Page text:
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The Sociology of American Popular Culture

David Grazian
University of Pennsylvania
Hiphop Inclusive
Before 2005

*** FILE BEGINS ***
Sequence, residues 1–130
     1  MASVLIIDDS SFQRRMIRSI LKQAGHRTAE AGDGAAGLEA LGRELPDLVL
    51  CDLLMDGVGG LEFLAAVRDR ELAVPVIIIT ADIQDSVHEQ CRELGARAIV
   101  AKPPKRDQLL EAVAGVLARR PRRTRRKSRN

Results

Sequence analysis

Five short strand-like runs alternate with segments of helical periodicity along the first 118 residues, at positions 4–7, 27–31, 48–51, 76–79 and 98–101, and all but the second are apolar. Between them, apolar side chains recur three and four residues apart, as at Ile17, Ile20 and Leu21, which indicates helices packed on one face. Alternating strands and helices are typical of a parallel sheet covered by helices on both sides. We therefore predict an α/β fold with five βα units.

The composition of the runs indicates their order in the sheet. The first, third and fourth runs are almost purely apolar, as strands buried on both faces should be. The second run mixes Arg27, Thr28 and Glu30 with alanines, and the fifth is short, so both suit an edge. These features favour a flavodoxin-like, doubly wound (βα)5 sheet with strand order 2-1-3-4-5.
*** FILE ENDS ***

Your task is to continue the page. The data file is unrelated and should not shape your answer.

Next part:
This course explores a range of topics and issues relevant to the sociological study of popular culture as both mass media (film, recording, television, paperback fiction, advertizing) and lived experience (tourism, fads and fashions). We will begin by introducing and re-evaluating conventional assumptions regarding the nature of popular culture, including its much-talked-about relationship to our larger society. In doing so, we will challenge our everyday definitions of “popular” as well as “culture.” We will then move our analysis toward the production of mass media and live entertainment, with emphasis given to the functioning of the culture industries and their increasingly dominant presence in modern American life. We will also examine how individual artists and entertainers (i.e. musicians, designers) understand their own role within this larger commercial context. Next, we will focus on how various audiences consume and experience mass media and popular culture as a means of creating worlds of meaning of themselves, with attention given to issues of class, race and gender. Finally, we will explore the political uses and implications of youth-oriented popular culture and fashion, including the rise of riot girl bands and hip-hop music, the consumption of second-hand clothing, and the rise of the global anti-corporate movement. Specific course topics will also include: Disneyland; shopping malls; MTV and the commodification of “cool”; popular culture and bohemians, beats and hippies; tourism and the search for authenticity; subculture worlds and the invention of the “mainstream”; the business of television and film-making; painting and selling graffiti; the spatial organization of indie-rock clubs; Ecstasy and the international rave scene; and the place of the blues in the American imagination.



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